For more than a decade federal policy has re-shaped the economy through a variety of activist policies. Taxes have risen, spending has increased, and the regulatory state has been empowered.
The Federal Reserve, through its zero-interest rate policy, distorted investment decisions, rewarded borrowers on the backs of savers, and exposed the corporate and public sectors to significant risk from rising interest rates.
The consequences from these policies are the current slow growth economy. But just as these misguided policies ushered in sub-par growth, a comprehensive policy fix can rejuvenate it.
Learning from these mistakes, the prime economic policy directives of the Trump Administration should be to undo the distortions caused by previous policies while minimizing volatility during the transition.
Starting with the tax and expenditure policies, the government raises money by either levying taxes or issuing debt. By definition, when the government levies taxes, the taxpayers can no longer spend this money. Similarly, when the government borrows money, private entities can no longer invest those funds. Therefore, for every dollar that the government spends, the private sector must spend one less dollar.
Consequently, government spending positively impacts economic growth only when the value generated by that spending exceeds a rigorous cost-benefit threshold. Unfortunately, the evidence indicates that government expenditures are not currently meeting this criterion. There are several reasons for this.
First, government expenditures remain around historical highs relative to the size of the private economy. A fundamental tenet of economics is the law of diminishing returns – the value of any good or service (including public goods and services) declines as we consume more of that good. Take hamburgers as an example. While the first hamburger you eat may create great value for you, the tenth hamburger will likely make you sick. The current size of government expenditure more resembles the tenth hamburger rather than the first.
Second, the composition of government expenditures is being directed away from traditional public goods and services toward transfer payments. While there are social benefits from such spending priorities, transferring income from one person to another does not grow the economy.
The persistent deficits, high tax burdens, and unaffordable government expenditures are a drag on the economy. The current Administration’s proposals to hold the line on spending and reform the tax code will remove these barriers and enable faster growth.
Another contributing factor to our current low-growth environment has been the Federal Reserve. Post the Great Recession, the Fed drove down interest rates and created trillions of new dollars directed at the capital markets. The result has been massive capital gains for those in the markets, but significant continued losses for savers.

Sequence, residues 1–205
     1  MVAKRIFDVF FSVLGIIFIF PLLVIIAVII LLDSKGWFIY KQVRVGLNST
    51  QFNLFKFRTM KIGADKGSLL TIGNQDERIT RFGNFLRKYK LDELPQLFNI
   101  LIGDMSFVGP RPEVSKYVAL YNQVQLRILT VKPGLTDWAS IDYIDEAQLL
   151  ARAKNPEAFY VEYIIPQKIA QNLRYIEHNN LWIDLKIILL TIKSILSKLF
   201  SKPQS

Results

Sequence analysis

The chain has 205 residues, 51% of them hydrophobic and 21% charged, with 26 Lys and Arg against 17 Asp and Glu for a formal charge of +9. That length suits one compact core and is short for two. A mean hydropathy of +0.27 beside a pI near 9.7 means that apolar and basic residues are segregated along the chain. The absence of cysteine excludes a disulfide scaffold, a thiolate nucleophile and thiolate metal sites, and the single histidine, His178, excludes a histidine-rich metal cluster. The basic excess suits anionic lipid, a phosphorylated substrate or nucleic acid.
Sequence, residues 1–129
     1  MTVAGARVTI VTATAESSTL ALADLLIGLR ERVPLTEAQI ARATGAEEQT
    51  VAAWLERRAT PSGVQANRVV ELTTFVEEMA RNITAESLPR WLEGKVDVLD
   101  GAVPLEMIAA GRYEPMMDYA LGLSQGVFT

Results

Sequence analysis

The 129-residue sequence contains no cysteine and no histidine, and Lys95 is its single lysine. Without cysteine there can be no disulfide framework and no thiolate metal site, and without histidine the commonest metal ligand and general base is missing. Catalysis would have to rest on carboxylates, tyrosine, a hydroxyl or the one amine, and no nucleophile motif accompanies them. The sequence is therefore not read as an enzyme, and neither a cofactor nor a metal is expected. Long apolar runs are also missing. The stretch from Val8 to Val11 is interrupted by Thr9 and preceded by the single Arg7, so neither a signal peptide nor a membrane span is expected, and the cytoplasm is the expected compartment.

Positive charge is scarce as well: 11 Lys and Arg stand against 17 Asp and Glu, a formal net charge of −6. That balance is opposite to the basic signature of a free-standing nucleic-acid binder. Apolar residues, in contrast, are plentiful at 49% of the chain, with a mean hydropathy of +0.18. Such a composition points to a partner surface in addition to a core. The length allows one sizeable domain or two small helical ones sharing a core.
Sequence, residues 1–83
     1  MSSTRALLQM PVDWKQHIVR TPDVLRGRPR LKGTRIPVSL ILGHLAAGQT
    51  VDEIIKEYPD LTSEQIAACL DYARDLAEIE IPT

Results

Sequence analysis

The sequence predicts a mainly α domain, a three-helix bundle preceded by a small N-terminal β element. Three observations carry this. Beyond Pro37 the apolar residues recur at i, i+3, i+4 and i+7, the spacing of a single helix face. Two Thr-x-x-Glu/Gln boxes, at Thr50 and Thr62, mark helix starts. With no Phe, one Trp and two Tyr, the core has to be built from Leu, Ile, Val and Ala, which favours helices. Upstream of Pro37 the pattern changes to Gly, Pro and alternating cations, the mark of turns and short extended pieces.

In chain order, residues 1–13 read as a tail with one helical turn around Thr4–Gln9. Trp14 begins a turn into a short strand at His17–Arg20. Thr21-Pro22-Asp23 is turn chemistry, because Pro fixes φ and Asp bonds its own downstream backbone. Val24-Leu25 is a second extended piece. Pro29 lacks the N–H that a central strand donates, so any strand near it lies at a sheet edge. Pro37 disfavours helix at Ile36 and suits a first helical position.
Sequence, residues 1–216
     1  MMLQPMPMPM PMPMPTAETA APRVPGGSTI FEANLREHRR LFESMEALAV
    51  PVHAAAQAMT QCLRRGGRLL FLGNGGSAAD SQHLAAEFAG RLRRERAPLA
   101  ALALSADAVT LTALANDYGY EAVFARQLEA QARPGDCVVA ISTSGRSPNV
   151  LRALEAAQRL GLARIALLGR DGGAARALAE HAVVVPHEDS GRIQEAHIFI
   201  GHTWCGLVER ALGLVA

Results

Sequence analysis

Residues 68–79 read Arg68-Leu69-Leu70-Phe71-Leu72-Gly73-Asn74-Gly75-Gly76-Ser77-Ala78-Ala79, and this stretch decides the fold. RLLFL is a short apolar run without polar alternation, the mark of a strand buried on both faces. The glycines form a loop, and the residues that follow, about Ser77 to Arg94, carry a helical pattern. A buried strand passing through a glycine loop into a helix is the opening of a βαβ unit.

Reminiscent of the housing boom and bust, the Federal Reserve’s efforts to maintain artificially low rates has dangerously misallocated capital and enabled the excessive borrowing by the federal government – deficits are on a trajectory to again exceed $1 trillion per year according to the Congressional Budget Office.
While monetary policy is complicated, and drastic movements can be destabilizing, the Fed would best promote long-term economic growth by abandoning its attempts to manage the business cycle and simply focus on a core mission of price stability.
Then there is the regulatory assault.
Regulations on the health care sector (e.g. the Affordable Care Act) raised taxes, increased costs, and decreased competition for many health care consumers.
Sweeping mandates were imposed on the financial industry (Dodd-Frank) that diminished the incentive for banks to lend (particularly to small businesses) and increased systemic market risks.
The energy sector has faced regulatory barriers such as the rejection of the Keystone Pipeline and the EPA’s unprecedented power grab over the nation’s power generation sector.
This hyper regulatory environment created an unprecedented burden on businesses and the economy, and diminished the incentive to work, save, and invest. These regulatory assaults need to stop. Positively, the current Administration’s recent greenlighting of the Keystone pipeline signals a reversal of these policies.
But, fixing just a few of the bad policies is insufficient. The correct stance for the new administration is to implement comprehensive policy reforms across all of these areas.
Toward this end, the recent withdrawal from the Trans-Pacific Partnership (TPP) trade deal is a step in the wrong direction. While not discussed above, expanded international trade opportunities are an important component of a pro-growth policy mix.
Properly implemented, comprehensive reforms that establish a pro-growth policy mix is the surest path to revitalizing long-term, and broad-based, economic growth.
Wayne Winegarden, Ph.D. is a Sr. Fellow in Business and Economics at the Pacific Research Institute and an Editor for EconoSTATS, Niles Chura is on the Board of Advisors for EconoSTATS. Their series of papers “Beyond the New Normal” being published by the Pacific Research Institute explore the connection between the policy mix and economic growth.
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